Tribes: Life-long Learners


Published by:

Jul 2, 2020 9:46:00 AM

Author: The Future Laboratory


This tribe of high-net-worth high achievers are more interested in spending their money on self-enriching experiences than on gratuitous displays of wealth, and see little separation between work, learning and leisure.

In today’s world, the truly successful are those who know how to adapt to changing conditions and consciously seek new challenges. This means that a commitment to life-long learning has become mandatory for the next generation of high-net-worth consumers.

Indeed, a 2016 study by Pew Research Center revealed that nearly three-quarters (73%) of American adults consider themselves life-long learners, and those who live in higher-income bracket households are significantly more likely to be life-long learners than those in lower income brackets. The luxurians’ shift to learning also indicates a change in how they are spending their time and money.

The rapid growth of the experience economy is no secret, but the experience economy is also evolving. Consumers are increasingly looking for services and interactions that provide a clear functional benefit, with learning one of the key parameters. According to authors Joseph Pine and James Gilmore, the first to coin the term ‘experience economy’ back in 1998, we are now seeing a shift towards what they describe as the transformation economy, in which consumers prioritise goods and services that offer them opportunities for personal development. ‘Brands must remember that consumers are looking to become better people,’ Pine explained in an interview with The Business of Fashion.

Our Life-long Learners tribe are at the forefront of this shift. A subset of the Ascetic Luxurians tribe we covered in 2015, Life-long Learners are more interested in spending their money on self-enriching experiences than gratuitous displays of wealth. These are usually structured around some type of educational activity, with the return on their investment measured in terms of personal growth rather than capital gain. For Life-long Learners, the differences between work, learning and leisure are practically non-existent.

Members of this tribe frequently attend lectures and workshops on a wide variety of subjects and construct their social circle around such events. They travel often and make sure learning is a key component of their adventures, whether that means visiting a thought-leadership festival, learning a new skill or simply immersing themselves as deeply as possible in the local culture. At home they make sure they have the space and the tools to create and learn.

Life-long Learners is part of our new Luxury Tribes Report. If you have already purchased the Life-long Learners report, you can watch the original case study video below - you can find the password to the video inside your PDF report.

To get an exclusive glance into the homes and mindsets of your future luxury consumers, and unlock all four videos, download all of the Tribes: Luxury Collection reports.



Nim de Swardt

Australia-born Nim has spent her life travelling, having lived across four continents and now finding herself ensconced on the coast of Bermuda in her role as Bacardi’s global Millennials manager. Travel has always been central to Nim’s learning journey. ‘I think of life-long learning as the constant curious quest that is the essence of my life, being so hyperactively curious.’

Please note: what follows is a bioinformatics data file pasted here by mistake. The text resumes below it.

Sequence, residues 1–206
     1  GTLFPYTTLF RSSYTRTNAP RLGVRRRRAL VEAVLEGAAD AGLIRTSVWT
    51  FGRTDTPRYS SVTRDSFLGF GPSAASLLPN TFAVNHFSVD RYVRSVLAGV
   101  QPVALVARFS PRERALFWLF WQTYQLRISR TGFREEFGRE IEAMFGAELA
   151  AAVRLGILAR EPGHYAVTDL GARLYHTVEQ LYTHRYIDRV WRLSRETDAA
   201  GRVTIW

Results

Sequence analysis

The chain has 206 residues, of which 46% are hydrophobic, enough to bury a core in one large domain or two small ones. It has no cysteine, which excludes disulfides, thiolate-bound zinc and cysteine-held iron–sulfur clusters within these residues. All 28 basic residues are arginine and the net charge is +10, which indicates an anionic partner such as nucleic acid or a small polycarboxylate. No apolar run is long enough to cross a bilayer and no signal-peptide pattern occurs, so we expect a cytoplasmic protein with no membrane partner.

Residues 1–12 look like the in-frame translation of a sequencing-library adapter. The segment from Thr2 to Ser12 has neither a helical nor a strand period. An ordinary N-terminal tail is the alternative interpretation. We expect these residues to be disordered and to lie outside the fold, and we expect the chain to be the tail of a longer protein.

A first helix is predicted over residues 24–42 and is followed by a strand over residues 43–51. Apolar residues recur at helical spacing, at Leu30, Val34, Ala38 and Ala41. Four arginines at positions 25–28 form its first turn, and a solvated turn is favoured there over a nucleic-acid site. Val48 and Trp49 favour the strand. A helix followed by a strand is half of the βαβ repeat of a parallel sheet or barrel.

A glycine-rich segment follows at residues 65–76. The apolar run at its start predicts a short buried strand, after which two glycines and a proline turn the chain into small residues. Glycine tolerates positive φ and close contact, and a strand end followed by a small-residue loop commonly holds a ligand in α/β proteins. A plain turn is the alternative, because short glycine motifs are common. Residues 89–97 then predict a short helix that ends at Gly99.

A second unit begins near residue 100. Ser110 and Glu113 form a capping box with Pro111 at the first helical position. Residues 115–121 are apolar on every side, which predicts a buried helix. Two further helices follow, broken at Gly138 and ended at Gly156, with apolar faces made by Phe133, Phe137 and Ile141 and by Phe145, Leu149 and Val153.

For Nim, self-education is a 24/7 commitment that starts as soon as she wakes up, when she does a short period of meditation and uses the Calm app to reflect on the day ahead and what she hopes to achieve. After that, while getting ready for work, Nim listens to one of her collection of podcasts, 50 at the last count, on subjects ranging from personal growth and productivity to entrepreneurship, innovation and more work-specific subjects such as the hospitality industry.

Saulo Jamariqueli

Saulo grew up in Brazil, where, from a very early age, he pursued an unconventional learning path. Saulo left school at the age of 14 to take up an apprenticeship at a television channel, starting as a camera operator before rising through the ranks as he learned more about the process of being an editor. By the age of 18 he was working for MTV and several other production companies in São Paulo, the money from which he invested in travelling rather than attending university, eventually ending up London.

The success of Saulo’s career is wholly due to his relentless autodidacticism and thirst for acquiring new skills. The first thing he does every morning is to watch a tutorial relating to whatever subject he is trying to master at the moment.

Martina Klemmer

Originally from Sweden, Martina has spent the past two decades living in London and Paris, before moving back to her homeland this summer to settle in Stockholm with her partner and three children. She has spent her life immersed in the art world, first as an enthusiast and patron, and then as a consultant and mentor. ‘I love working with art, it’s a domain where you constantly discover new practices and artists. It is a world where there is no end to learning.’

Martina feels she is now at a stage in her life when she has returned to active learning. ‘As you get older you feel your brain stagnating and that urge that time is running out. Then you start purposely searching for education again.’ Her learning schedule gravitates towards a relentless schedule of lectures and seminars, sometimes one every day, although more commonly four a week.

For Tribes: The Luxury Collection, we spotlight 12 consumers who are challenging the industry. 

Discover all four reports in the Tribes: The Luxury Collection here:

Life_long Learners Ascetic Lux Anti-Lux Unthered Lux

Life-long Learners

Ascetic Luxurians

Anti Luxurians



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